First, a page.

The substantial grazing pressure exerted on the unicellular plankton, including the phytoplankton, is evidenced by the abundance of well-chewed faecal material present in the surface layer. Copepod faeces have high sinking rates in laboratory jars so it is expected that their defecation contributes significantly to the rain of organic material transporting carbon to the deep sea known as the biological carbon pump (BCP). However, opinions are divided as to the quantitative role of the different processes fuelling the pump of which sinking algal cells, faecal material from grazing zooplankton and predation of deep-sea organisms on hibernating copepods at depth, which retains their carbon there (the survivors return to the surface the next year), are the main sources. Since the BCP is one of the major processes involved in the global carbon cycle regulating atmospheric CO2 concentrations, there is an urgent need to improve our understanding of the factors driving it.
It is difficult to track particles sinking from the surface layer through the deep water column because they are quickly diluted in the vast volume they traverse on the way down. Since quantifying the different components of the BCP is a major aim of LOHAFEX, we have on board two recently developed techniques to record this flux. One of these is the funnel-shaped neutrally buoyant sediment trap called PELAGRA, developed by a group in Southampton, UK, that are programmed to stay at a given depth (a few 100 m) for a given time period (a few days) where they collect sinking particles in 4 polycarbonate jars that are closed before the trap surfaces (see picture). We have 5 traps on board of which at least two are in operation at a given time: one under and the other outside the patch to ensure full coverage. Handling them requires a great deal of skill and experience but they have functioned very well so far. The traps, deployed at 200 and 450 m depths, have come up with almost empty collection cups, apart from some zooplankton organisms that presumably swam into them. These are painstakingly removed under a microscope, no mean feat on board a rolling ship, and the remaining particles in the collection jars examined thoroughly before being preserved for further analyses in the home lab. One interesting result already achieved is the small amount of copepod faeces produced in the surface layer that actually sink to depth, indicating that the bulk is recycled. However, some of the faecal material does sink out and it is of interest to see whether the proportion increases under the patch: more food, more faeces, more sinking, or not. We are monitoring production rate and fate of the faeces.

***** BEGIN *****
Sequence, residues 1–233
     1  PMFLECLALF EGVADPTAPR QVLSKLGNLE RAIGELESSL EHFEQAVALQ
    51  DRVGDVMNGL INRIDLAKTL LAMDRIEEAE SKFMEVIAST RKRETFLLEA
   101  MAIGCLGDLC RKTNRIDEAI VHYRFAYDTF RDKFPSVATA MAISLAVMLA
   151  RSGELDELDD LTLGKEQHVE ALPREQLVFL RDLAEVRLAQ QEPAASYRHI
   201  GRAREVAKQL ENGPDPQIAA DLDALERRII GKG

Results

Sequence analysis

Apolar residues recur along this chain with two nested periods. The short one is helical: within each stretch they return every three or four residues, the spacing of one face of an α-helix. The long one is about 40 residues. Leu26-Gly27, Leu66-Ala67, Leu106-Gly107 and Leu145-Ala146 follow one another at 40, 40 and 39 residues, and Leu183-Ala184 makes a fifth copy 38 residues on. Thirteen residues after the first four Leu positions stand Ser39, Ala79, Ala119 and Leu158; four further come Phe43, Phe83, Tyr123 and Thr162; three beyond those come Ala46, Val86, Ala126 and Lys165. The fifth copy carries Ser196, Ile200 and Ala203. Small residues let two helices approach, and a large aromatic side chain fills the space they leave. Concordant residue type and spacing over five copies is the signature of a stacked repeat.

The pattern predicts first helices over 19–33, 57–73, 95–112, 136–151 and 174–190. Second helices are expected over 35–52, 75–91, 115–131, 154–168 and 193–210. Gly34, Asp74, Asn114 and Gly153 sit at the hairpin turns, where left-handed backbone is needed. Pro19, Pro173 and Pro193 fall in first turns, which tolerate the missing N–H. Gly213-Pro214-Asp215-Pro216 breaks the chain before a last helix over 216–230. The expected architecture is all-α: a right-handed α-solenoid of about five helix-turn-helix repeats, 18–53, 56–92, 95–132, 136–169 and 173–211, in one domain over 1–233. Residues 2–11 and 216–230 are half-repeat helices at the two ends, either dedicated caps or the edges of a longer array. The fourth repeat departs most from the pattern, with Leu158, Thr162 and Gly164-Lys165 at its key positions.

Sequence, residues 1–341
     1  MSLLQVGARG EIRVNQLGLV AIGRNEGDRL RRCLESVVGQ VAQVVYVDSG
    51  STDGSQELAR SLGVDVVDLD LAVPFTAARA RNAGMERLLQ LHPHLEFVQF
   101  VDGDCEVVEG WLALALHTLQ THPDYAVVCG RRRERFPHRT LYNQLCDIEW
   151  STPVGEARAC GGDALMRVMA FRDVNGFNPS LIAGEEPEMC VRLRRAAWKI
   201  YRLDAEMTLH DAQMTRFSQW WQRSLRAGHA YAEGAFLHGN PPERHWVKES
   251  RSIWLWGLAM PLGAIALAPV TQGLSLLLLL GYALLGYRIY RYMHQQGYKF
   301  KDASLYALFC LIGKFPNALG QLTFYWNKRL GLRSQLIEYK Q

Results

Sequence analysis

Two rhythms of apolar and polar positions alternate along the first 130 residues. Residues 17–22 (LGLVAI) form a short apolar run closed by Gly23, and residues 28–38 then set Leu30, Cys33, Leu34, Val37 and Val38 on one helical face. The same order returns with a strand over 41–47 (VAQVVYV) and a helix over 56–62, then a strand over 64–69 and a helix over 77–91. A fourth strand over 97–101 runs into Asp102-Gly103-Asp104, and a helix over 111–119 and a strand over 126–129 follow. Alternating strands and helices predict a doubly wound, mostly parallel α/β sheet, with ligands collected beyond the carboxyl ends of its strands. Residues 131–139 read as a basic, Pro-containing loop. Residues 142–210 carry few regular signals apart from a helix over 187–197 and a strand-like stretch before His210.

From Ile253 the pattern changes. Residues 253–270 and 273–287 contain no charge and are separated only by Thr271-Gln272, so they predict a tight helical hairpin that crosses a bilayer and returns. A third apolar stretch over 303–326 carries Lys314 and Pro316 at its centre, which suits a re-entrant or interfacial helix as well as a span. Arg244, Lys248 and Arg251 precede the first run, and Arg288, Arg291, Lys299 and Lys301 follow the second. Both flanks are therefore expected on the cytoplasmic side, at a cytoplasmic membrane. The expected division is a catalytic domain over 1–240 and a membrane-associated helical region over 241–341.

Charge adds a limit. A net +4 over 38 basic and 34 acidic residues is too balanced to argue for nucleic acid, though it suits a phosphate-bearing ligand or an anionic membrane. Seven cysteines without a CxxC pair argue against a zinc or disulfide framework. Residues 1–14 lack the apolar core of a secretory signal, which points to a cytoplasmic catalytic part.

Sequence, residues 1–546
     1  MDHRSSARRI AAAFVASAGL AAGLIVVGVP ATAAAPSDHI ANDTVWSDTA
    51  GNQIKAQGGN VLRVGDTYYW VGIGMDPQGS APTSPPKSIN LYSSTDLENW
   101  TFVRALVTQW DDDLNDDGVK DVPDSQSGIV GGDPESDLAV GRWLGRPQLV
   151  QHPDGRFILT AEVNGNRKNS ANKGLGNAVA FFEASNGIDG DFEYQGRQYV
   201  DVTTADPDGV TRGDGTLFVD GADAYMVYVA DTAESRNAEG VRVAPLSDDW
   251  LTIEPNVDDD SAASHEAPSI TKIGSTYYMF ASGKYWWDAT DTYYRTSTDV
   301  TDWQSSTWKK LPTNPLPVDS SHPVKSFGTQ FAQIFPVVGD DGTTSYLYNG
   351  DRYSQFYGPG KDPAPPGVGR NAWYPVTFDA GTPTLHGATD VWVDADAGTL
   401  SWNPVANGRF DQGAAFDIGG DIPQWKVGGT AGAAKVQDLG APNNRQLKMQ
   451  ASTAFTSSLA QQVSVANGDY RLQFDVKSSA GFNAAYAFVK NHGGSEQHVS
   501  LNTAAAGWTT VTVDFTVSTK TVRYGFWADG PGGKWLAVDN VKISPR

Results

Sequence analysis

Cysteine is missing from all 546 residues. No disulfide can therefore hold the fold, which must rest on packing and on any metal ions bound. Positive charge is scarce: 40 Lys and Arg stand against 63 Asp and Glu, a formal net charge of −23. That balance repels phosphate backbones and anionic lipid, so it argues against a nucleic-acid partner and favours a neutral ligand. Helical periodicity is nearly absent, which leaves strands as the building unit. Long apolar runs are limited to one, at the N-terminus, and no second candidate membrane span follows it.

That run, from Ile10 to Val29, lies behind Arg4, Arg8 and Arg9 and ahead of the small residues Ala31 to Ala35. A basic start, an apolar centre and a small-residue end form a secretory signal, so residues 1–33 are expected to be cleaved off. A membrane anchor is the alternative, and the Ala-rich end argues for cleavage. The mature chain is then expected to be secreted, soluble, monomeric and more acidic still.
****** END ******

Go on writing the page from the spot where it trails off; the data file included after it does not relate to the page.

The other technique to estimate the amount and composition of sinking particles is to observe their depth distribution with a camera system called UVP developed by a team in Villefranche, France. It is attached to the CTD and rapidly photographs 1 litre slabs of water illuminated by strobe lights at 5 frames per second while lowered at a speed of 1m a second from the surface to 3000m depth. This camera records particles down to 0.06 mm diameter and provides images of objects larger than 0.5 mm that can be identified by eye. In the upper 100 m there are about 50 objects above 0.06 mm in diameter per picture of which half a dozen are large enough to be identified. Even in the deepest layer, between 2000 and 3000m, there are still around 3 objects per picture and an identifiable one every ten images on average which is more than expected. A carefully programmed computer sorts the recorded objects in few groups: various types of zooplankton, detrital material and small particles, thus providing vertical profiles of abundance and bio-volume. The system is particularly good at capturing copepods and their faeces, thus revealing details of copepod natural history that cannot be gleaned from net catches or acoustic techniques (see picture).
We are now well into the routine phase of the experiment: taking stations inside and outside the patch at regular intervals while monitoring its movements within the eddy. Although the work is tiring, we are happy and excited by the prospects ahead.
Wajih Naqvi and Victor Smetacek